Ludwig von Mises Is Winning, by Tho Bishop

From Tho Bishop at mises.org:

As a young man Alexander Hamilton once wrote, “There is a certain enthusiasm in liberty, that makes human nature rise above itself, in acts of bravery and heroism.” While it is tragic that Hamilton would grow up to advocate all sorts of government policies contrary to liberty — America would be better off had he read Cantillion — there is a power in these words that has always resonated with me.

No man better embodies this heroic nature of liberty than Ludwig von Mises.

My favorite example of Mises’s legendary dedication to his principles is his experience during WWI.

Even though he was already an accomplished scholar, his masterpiece Theory of Money and Credit was published in 1912, the Great War brought Mises to the field of battle. As a commanding officer of an Austrian artillery regiment, Mises and his men were tasked with defending the Northern Front of the Austro-Hungarian Empire from the marching Russians.

Not only were Mises and his men outnumbered, but manning the cannons meant being the prime targets of Russian fire. The result was horrific. As Guido Hülsmann details in Mises: Last Knight of Liberalism, “In the first few weeks and months of the war, almost no day went by that did not see entire [Austrian] batteries (about 100 men each) and even regiments (about 500) being wiped out.”

Mises and his men held the line and the Russians were driven back in December of 1914.

After receiving honors for his actions on the battlefield, First Lieutenant Ludwig von Mises was extended an invitation to join a team of fellow economists on the Viennese war council. Though glad to be away from the canons of war, Mises was horrified by what he found — his nation’s greatest minds, men who knew better, becoming apologists for a bureaucratic government seeking to tighten its grip on the economy.

Writes Hülsmann:

Montesquieu once said that although one had to die for one’s country, one was not obliged to lie for it. This seems to have been Mises’s maxim too. He had already demonstrated his readiness to give his life for his country. Now he showed his will to honor the truth even if it brought him in conflict with powerful opponents. … Mises argued that, “from a purely economic standpoint,” the case for free trade and against protectionism was unassailable.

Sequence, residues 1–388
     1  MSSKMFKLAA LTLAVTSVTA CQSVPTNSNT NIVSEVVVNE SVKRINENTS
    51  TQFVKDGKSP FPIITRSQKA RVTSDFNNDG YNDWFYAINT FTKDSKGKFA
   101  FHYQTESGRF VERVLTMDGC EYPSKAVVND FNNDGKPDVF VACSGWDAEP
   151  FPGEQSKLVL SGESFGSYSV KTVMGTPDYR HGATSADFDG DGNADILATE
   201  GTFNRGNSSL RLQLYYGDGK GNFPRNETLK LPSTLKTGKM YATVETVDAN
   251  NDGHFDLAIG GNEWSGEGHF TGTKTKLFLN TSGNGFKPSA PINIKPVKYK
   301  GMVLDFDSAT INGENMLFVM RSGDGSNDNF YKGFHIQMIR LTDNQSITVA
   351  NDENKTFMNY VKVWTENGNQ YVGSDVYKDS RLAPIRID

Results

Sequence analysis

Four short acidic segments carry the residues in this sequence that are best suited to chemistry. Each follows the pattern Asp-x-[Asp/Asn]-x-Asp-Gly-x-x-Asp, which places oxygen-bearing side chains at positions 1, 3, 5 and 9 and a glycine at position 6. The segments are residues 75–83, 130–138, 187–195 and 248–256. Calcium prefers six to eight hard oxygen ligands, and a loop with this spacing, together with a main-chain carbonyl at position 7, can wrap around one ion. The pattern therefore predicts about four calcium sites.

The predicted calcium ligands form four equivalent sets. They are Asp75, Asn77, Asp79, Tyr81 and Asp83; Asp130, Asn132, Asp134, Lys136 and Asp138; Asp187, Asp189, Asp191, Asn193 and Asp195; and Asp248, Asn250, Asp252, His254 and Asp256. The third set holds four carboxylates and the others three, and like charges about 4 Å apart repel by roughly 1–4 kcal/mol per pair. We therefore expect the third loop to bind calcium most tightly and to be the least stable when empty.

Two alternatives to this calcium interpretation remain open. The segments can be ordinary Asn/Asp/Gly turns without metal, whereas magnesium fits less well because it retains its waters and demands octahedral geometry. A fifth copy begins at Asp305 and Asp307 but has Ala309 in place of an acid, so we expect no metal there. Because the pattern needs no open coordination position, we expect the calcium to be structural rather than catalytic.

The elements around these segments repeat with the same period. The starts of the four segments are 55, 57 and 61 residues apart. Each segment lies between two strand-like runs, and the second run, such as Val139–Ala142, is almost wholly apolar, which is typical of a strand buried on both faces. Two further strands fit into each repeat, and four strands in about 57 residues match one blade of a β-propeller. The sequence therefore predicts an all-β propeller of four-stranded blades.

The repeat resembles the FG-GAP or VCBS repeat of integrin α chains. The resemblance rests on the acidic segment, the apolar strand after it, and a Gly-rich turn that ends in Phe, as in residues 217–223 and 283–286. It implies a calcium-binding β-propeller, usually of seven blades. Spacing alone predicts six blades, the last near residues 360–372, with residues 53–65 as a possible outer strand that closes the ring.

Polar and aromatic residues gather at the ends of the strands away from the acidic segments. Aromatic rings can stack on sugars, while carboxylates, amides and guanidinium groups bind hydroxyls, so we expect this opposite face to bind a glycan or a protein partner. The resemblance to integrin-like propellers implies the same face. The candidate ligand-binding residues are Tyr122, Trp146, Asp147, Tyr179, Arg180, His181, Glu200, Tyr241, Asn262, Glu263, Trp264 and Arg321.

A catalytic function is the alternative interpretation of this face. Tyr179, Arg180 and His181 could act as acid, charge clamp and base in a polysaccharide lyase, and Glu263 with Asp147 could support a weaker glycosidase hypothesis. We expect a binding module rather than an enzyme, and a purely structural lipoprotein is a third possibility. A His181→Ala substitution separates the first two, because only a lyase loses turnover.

The power of the argument … made it impossible for the war party to ignore Mises. Trouble lay ahead.

The trouble came in the form of orders to return back into combat. The government’s message was clear — Mises needed to go. Not for the last time, his decision to stand firm in his defense of liberty put his very life in danger.

Luckily for us all, Mises survived the war and went on to live a life that fundamentally altered the world. He overcame the Nazis, academic blacklists, and the personal hardships that tends to haunt any man who refuses to sacrifice his principles.

To continue reading: Ludwig von Mises Is Winning 

He Said That? 3/3/15

From Ludwig von Mises, economist, Human Action: A Treatise on Economics:

“The boom produces impoverishment. But still more disastrous are its moral ravages. It makes people despondent and dispirited. The more optimistic they were under the illusory prosperity of the boom, the greater is their despair and their feeling of frustration. The individual is always ready to ascribe his good luck to his own efficiency and to take it as a well-deserved reward for his talent, application, and probity. But reverses of fortune he always charges to other people, and most of all to the absurdity of social and political institutions. He does not blame the authorities for having fostered the boom. He reviles them for the inevitable collapse. In the opinion of the public, more inflation and more credit expansion are the only remedy against the evils which inflation and credit expansion have brought about.”

If you understand this quote, especially that last sentence, you know more economics than many Ivy League PhDs, and your knowledge didn’t cost you a quarter-of-a-million dollars, either. We’re not even getting a boom this go around; we can only go back to the inflation and credit expansion well so many times.